Stephan Schmidt

Reasons for Technical Debt

What drives technical debt?

“Shipping first time code is like going into debt. A little debt speeds development so long as it is paid back promptly with a rewrite. [..]. The danger occurs when the debt is not repaid. Every minute spent on not-quite-right code counts as interest on that debt” -Ward Cunningham

Since then, the understanding of technical debt has widened. My take: Technical debt is code that is not as easy to change or extend as it could be.

A lot has been said and written about technical debt. Nothing hits the nail though. Most analysis is superficial or stays at the surface and doesn’t go deep enough searching for drivers. If we dig deeper to find drivers for technical debt, we end up with three drivers:

  1. Neglected Maintenance
  • Not upgrading libraries & frameworks
  • Not upgrading systems
  • No continuous refactoring
  • Unused code, feature flags, and configurations
  1. Shortcuts
  • Not following architecture and guidelines (“SQL in controller”)
  • Due to pressure, lacking skills & lacking professionalism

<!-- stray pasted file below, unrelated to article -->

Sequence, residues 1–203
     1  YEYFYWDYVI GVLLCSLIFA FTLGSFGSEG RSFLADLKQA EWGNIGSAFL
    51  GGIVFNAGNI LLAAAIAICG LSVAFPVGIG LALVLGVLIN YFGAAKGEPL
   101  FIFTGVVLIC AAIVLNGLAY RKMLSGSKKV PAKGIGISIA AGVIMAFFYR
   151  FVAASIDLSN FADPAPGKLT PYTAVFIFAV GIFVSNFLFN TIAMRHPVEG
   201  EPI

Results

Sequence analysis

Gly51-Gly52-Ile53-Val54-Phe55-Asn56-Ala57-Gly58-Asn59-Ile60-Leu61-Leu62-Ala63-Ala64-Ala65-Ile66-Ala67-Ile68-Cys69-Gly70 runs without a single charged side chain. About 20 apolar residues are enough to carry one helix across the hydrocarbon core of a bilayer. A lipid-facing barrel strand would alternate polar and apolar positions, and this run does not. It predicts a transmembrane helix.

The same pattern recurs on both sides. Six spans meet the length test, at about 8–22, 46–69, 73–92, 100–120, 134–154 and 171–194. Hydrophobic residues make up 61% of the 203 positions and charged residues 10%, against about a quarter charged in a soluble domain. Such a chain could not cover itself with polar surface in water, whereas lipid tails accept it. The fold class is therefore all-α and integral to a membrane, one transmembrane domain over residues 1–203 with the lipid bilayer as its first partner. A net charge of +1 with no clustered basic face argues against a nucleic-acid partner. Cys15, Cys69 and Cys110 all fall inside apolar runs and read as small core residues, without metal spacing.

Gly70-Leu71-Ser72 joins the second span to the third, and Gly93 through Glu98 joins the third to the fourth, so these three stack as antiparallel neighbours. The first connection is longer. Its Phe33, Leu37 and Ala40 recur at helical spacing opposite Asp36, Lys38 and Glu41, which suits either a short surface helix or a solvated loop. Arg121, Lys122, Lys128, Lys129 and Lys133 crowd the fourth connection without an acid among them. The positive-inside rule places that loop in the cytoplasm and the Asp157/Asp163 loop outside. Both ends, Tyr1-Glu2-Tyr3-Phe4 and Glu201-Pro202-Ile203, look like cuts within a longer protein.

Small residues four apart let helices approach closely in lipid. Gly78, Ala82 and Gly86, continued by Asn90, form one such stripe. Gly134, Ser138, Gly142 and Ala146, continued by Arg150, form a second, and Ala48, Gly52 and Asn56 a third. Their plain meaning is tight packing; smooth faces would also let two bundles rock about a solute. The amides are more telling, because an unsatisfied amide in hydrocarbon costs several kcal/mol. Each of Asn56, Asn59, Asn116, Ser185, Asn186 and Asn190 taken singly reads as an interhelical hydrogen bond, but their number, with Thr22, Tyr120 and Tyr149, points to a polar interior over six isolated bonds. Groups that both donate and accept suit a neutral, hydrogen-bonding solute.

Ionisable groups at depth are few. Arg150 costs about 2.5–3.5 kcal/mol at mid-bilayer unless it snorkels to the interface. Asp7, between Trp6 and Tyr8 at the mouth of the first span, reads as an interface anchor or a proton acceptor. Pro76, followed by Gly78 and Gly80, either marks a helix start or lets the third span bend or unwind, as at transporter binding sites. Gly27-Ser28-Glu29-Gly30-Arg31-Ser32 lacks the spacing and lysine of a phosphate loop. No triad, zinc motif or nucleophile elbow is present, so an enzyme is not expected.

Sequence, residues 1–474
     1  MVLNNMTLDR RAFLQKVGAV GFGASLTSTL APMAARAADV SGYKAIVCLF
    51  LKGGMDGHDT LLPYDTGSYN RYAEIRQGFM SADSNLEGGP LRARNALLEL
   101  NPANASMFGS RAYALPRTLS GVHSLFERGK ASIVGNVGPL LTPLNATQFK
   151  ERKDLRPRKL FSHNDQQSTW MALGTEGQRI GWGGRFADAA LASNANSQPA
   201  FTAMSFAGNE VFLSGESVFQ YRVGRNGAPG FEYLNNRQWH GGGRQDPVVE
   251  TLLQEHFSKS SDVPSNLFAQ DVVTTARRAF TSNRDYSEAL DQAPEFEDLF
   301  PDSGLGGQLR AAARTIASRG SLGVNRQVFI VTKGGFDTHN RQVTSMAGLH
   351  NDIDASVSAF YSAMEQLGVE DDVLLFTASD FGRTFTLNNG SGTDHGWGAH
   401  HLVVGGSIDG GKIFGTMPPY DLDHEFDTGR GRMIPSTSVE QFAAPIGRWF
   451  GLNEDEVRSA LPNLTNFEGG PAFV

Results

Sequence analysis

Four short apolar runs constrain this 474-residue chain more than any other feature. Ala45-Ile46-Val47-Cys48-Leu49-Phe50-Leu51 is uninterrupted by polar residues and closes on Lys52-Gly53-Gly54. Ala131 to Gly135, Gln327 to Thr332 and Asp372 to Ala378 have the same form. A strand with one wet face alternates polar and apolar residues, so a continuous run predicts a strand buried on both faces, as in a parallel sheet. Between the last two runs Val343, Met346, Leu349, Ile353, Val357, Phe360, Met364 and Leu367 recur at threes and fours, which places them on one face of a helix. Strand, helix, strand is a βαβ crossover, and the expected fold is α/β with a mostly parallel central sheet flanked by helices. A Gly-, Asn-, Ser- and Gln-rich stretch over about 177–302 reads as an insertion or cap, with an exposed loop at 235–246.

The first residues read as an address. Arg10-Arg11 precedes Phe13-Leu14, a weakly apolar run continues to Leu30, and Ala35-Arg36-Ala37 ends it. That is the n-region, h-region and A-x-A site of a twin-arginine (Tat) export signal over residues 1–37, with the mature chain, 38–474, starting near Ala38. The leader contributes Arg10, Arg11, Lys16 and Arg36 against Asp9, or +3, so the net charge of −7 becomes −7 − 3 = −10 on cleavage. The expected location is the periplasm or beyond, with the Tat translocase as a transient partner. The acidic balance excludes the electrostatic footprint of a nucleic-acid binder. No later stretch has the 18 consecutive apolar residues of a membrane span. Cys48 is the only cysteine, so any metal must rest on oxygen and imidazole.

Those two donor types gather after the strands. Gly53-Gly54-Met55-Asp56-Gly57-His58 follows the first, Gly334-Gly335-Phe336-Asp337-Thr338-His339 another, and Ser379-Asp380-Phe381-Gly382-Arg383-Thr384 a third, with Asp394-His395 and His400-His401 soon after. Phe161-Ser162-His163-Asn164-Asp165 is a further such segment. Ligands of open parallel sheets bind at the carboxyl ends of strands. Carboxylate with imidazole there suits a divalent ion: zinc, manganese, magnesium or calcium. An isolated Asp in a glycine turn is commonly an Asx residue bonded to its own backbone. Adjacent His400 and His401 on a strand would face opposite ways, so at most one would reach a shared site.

• Low test coverage
  1. Unaligned with Business
  • Problem not researched and understood
  • Things not easy to change or extend that often change
  • Wrong systems (database) for the job
  • No/unaligned tech vision
  1. Overengineering
  • Gold plating

To reduce existing and prevent new technical debt, we need to work on the main drivers for technical debt.

Neglected Maintenance. Do your maintenance. Do not deviate. Upgrade libraries, frameworks and systems in time. Don’t skip database versions. Every feature is an opportunity to refactor code to make it reflect reality.

Shortcuts. Don’t take shortcuts. Give pushback on unrealistic deadlines that would push you taking shortcuts. Keep writing tests, or start writing tests. Just as the CFO would not drop double accounting, don’t drop testing. Just say no!

Unaligned with Business. Align with business all the time. Have a tech vision and tech strategy that is aligned with the company vision and business strategy. Research the problem before you start coding. Chose the right tools for the job, not the tools that are currently the hot thing.

Overengineering Apply the right level of engineering. If you need to go to the moon, don’t build something that can go to Mars.

Keeping the drivers in mind will eliminate the root causes of technical debt. No technical debt makes business and developers happier and lets you react faster to the market and to new ideas.

More in my Upcoming Book

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